In practice, not only is work more specified, but problems are highlighted, which causes pressure to treat them now! This becomes a fundamentally new sort of challenge when these problems involve other departments. Whereas before, the interaction was an “over the wall” exchange where other folks could do this job whenever they got to it, moving to a pull system forces things to get done right away (because if not we won’t be able to deliver to our customers), and getting done right the first time (because if not we will have to waste a lot of time with back-and-forths and not be doing something else instead). Furthermore, priorities change radically: now, small things must be straightened out right away, and worry about the big reorganizations can be dealt with later. This is fundamental change in the way most organizations work.
How does that affect the relationship? Just as lean exposes waste in processes, it also surfaces conflicts. Previously, the relationship within the value chain was well buffered with walls and stocks or waiting queues. Folks dealt with each other on a mostly social basis. You’re polite with each other, and chummy up at the canteen with the people you like, largely ignoring those you don’t. It’s essentially a pact of non-agression: you have no say in the way I work, so I won’t either and every one tries to get along.
Kaizen typically will challenge this status quo. By focusing on internal customer-supplier relationship, suddenly, all our actions are linked. We all have something to say about how our colleagues work inasmuch as it affects our own delivery. Lean practice requires every individual everywhere to develop common ownership of problems. How to do this if they won’t play ball? And to be fair, why should they when you’ve suddenly and brutally destroyed a departmental truce that has been in place since the beginning of time? Unfortunately, most initial efforts to “make things work” only worsens the situation. Frustrated with the lack of progress, the lean coach pulls the only lever he has by going up the food chain to complain about lack of cooperation. Senior managers react as senior managers do, they give a stern talking to their subordinates, which reinforces the hard done by feeling of its not fair.
So how could be possibly try to address this? There are no hard and fast answers. First, let’s apply lean thinking to ourselves. What would be the test criteria for a “good working relationship”? Again, there is no particular lean dogma on the subject. Here are the four criteria I use as a rule of thumb to evaluate working relationships:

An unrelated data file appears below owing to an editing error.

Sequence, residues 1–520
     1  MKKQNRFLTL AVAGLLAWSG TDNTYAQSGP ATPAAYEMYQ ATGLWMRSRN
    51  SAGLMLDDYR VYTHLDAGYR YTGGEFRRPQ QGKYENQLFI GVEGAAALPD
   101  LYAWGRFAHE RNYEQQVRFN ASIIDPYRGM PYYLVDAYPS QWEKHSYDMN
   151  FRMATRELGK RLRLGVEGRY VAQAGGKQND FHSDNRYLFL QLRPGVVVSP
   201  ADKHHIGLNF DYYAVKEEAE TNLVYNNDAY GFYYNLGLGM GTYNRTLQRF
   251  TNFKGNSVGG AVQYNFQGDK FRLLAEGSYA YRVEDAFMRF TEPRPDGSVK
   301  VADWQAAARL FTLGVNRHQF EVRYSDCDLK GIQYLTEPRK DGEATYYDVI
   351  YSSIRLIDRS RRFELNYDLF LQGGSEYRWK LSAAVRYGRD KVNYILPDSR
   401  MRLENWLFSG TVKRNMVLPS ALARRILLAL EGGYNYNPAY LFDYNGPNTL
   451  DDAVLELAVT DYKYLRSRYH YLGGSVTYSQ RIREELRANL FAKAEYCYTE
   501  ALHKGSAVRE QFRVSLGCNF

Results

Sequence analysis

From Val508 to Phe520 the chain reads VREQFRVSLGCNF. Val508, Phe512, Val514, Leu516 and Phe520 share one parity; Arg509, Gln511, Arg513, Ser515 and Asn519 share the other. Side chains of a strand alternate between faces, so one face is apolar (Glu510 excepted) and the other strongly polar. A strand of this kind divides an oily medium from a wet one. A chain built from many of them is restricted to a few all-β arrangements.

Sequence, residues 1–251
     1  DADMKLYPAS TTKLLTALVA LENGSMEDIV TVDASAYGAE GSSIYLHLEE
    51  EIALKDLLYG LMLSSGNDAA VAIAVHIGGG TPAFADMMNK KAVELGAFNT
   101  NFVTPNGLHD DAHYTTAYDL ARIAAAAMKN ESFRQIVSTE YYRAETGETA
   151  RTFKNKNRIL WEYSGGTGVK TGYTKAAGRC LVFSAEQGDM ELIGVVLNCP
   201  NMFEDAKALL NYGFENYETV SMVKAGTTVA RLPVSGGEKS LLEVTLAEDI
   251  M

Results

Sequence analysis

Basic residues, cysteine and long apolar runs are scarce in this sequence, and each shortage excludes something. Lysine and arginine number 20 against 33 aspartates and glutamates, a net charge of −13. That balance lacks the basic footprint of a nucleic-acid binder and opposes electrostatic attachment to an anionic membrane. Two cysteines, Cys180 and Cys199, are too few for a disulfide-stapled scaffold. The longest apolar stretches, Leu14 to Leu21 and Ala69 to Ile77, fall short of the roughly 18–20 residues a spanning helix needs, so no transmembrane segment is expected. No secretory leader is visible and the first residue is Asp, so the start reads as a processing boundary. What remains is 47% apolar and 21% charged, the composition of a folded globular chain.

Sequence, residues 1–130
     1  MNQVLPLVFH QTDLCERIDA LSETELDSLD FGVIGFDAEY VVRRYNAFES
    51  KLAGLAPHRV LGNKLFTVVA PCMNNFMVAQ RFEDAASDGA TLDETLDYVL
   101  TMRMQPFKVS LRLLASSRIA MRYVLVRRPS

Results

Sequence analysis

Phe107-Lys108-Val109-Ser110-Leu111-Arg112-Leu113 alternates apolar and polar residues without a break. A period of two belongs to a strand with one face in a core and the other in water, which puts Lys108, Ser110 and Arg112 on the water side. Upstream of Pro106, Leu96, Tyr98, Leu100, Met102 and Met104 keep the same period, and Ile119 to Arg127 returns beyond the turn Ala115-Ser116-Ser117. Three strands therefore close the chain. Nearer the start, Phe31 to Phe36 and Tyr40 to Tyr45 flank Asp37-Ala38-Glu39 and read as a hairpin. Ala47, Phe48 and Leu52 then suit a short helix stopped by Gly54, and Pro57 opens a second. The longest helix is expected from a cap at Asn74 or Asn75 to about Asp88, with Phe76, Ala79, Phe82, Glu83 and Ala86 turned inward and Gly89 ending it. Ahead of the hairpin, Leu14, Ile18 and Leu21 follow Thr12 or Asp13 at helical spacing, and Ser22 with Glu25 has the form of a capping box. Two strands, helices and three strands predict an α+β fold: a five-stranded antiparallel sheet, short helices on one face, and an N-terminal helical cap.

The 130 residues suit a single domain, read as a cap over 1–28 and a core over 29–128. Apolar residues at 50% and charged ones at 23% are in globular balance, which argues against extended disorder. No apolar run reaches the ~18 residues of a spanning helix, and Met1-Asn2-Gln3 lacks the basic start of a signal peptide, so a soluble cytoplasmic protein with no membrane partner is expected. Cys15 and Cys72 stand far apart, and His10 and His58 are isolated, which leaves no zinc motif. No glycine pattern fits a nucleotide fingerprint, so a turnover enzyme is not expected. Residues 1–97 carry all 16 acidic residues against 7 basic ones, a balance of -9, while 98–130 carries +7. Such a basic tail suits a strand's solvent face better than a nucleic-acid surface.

- Accuracy: in production this means sending good parts on time. How does this translate to information flows? Essentially this means that you exchange the information needed to move your own work one step further. It turns out that many work exchanges are very vague about what this means. Even when you get specific numbers out of your colleagues, unless they’ve understood what you want to do (what’s your purpose), the way the information is cherry-picked or formatted will not help you, and cause a flurry of e-mail exchanges to get to the right format.
- Availability: in his early stand-up days, Woody Allen described a dog-eat-dog world as “dog doesn’t answer phone calls” world. It’s gotten significantly worse now that you have e-mail. We expect all our colleagues to be immediately available and to answer that e-mail in the hour, or in the day. Longer than that and we feel that the message is clear: you’re less important than others to whom I am answering to quickly. The leaner you get, the greater the importance of speed of response. Of course, quick answers are easier if there is a system in place to generate the answer, and, in time the system itself can eliminate the need for the exchange. But availability has to be recognized as a genuine concern by both parties in the relationship. Start by establishing a standard response time to avoid unnecessary annoyance.